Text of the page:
Before you move on to the model-building part, there is still one theoretical aspect left to be addressed: the significance of the derived beta coefficient. When you fit a straight line through the data, you’ll obviously get the two parameters of the straight line, i.e. the intercept (β0) and the slope (β1). Now, while β0 is not of much importance right now, but there are a few aspects surrounding that need to be checked and verified.

The first question we ask is, “Is the beta coefficient significant?” What does this mean?

Suppose you have a dataset for which the scatter plot looks like the following

Now, if you run a linear regression on this dataset in python, it will fit a line data which, say, look like the following.

Now, you can clearly see that the data is randomly scattered and doesn’t seem to follow a linear trend or any trend, in general. But Python will anyway fit a line through the data using the least squared method. But you can see that the fitted line is of no use in this case.

Hence, every time you perform a linear regression, you need to test whether the fitted line is a significant one or not or to simply put it, you need to test whether β1 is significant or not. And in comes the idea of Hypothesis Testing on β1. **Please note** that the following text will assume the knowledge of hypothesis testing, which was covered in one of the earlier modules. Please revisit the module on hypothesis testing in case you need to brush up.

You start by saying that β1 is not significant, i.e. there is no relationship between X and y.

So in order to perform the hypothesis test, we first propose the null hypothesis that β1 is 0. And the alternative hypothesis thus becomes β1 is not zero.

**Null Hypothesis (H0): β1=0****Alternate Hypothesis (HA): β1≠0**

Let’s first discuss the implications of this hypothesis test. If you fail to reject the null hypothesis that would mean that β1 is zero which would simply mean that β1 is insignificant and of no use in the model. Similarly, if you reject the null hypothesis, it would mean that β1 is not zero and the line fitted is a significant one.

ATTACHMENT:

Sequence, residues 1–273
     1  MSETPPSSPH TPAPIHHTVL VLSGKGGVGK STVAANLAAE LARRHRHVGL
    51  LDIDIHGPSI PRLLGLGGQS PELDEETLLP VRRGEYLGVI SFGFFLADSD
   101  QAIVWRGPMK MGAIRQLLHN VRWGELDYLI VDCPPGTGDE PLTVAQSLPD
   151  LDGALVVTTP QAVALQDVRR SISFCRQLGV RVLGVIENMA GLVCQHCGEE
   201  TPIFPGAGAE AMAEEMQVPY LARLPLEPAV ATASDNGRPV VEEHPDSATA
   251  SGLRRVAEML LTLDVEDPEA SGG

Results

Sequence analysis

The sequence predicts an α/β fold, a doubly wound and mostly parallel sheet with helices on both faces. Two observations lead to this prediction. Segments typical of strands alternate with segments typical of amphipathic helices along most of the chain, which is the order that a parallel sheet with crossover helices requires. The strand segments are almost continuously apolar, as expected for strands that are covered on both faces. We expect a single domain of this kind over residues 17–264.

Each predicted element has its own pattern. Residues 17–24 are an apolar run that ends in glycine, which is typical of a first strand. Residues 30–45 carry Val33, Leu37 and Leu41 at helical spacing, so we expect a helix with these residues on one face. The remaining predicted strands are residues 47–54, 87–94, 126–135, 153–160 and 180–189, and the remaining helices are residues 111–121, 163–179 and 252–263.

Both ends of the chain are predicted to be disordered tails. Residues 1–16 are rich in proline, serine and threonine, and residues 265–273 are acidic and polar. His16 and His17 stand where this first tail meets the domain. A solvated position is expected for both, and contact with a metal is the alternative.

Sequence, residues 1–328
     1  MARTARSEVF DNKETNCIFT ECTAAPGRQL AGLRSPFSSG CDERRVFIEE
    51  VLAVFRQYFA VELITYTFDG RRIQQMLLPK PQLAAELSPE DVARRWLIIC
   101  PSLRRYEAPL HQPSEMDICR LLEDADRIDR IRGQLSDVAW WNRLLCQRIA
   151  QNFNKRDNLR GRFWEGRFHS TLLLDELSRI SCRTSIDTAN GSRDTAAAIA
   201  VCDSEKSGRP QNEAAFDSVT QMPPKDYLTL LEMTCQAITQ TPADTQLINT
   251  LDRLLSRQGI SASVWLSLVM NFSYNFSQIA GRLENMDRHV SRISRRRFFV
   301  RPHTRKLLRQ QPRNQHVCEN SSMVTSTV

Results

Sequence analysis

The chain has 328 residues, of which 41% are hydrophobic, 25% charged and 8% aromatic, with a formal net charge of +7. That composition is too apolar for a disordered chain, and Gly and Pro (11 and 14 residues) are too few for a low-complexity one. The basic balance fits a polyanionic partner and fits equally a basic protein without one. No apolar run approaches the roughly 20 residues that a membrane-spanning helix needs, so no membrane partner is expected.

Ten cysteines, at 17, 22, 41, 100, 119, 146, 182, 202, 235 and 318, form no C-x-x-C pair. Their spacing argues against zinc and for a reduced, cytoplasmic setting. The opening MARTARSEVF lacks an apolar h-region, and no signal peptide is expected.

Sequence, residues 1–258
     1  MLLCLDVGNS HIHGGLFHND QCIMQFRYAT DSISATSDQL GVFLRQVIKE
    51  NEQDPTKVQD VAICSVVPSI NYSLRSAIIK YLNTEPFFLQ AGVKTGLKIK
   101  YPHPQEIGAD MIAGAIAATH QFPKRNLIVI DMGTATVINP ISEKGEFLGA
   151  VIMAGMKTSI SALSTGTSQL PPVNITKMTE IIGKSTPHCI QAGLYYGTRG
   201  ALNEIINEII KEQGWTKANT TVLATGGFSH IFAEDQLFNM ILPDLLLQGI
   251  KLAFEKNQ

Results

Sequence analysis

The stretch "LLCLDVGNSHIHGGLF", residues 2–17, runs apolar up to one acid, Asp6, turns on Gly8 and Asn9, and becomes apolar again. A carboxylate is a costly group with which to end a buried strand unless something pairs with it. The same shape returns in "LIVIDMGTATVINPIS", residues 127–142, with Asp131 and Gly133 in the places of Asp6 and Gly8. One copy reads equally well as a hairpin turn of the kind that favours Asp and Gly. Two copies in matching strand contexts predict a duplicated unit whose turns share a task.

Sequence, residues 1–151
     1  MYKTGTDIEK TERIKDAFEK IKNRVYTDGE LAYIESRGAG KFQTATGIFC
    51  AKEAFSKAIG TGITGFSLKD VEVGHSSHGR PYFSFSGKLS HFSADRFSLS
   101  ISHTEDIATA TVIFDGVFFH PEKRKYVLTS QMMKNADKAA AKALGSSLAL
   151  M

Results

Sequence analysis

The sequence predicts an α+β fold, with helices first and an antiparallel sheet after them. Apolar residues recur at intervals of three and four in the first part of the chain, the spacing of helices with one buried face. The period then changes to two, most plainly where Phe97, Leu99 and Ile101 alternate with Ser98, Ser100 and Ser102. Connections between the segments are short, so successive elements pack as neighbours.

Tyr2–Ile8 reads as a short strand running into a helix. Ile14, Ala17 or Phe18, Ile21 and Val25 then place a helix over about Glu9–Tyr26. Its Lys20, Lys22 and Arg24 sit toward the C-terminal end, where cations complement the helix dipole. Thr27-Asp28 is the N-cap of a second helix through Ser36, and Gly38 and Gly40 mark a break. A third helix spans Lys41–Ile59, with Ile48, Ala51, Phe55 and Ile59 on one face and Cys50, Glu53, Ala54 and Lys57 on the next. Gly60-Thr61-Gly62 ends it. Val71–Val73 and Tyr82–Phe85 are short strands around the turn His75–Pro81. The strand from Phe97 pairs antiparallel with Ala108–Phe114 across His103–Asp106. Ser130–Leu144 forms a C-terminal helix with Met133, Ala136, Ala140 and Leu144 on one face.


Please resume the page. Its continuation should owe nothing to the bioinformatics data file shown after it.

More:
Now, how do you perform the hypothesis test? Recall from your hypothesis testing module that you first used to compute the t-score (which is very similar to the Z-score) which is given by X−μs/√n where μ is the population mean and s is the sample standard deviation which when divided by √n is also known as standard error.

Using this, the t-score for ^β1 comes out to be (since the null hypothesis is that β1 is equal to zero):

^β1−0SE(^β1)

Now, in order to perform the hypothesis test, you need to derive the p-value for the given beta. If you’re hazy on what **p-value** is and how it is calculated, it is recommended that you revisit the segment on p-value. Please note that the formula of SE(β1) provided in the t-score above is out of scope of this course.

Let’s do a quick recap of how do you calculate p-value anyway:

- Calculate the value of
**t-score**for the mean point (in this case, zero, according to the Null hypothesis that we have stated) on the distribution - Calculate the
**p-value**from the cumulative probability for the given t-score using the t-table - Make the decision on the basis of the p-value with respect to the given value of β (significance level)

Now, if the p-value turns out to be less than **0.05**,** **you can reject the null hypothesis and state that β1 is indeed significant.

Please note that all of the above steps will be performed by Python automatically, which you’ll learn in the very next segment.